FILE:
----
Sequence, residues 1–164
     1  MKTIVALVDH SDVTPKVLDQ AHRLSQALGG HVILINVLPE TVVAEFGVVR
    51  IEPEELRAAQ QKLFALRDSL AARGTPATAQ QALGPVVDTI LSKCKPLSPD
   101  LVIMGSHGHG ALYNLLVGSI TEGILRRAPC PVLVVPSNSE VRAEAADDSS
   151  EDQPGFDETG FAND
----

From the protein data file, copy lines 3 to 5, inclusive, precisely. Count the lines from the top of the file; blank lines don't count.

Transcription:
    51  IEPEELRAAQ QKLFALRDSL AARGTPATAQ QALGPVVDTI LSKCKPLSPD
   101  LVIMGSHGHG ALYNLLVGSI TEGILRRAPC PVLVVPSNSE VRAEAADDSS
   151  EDQPGFDETG FAND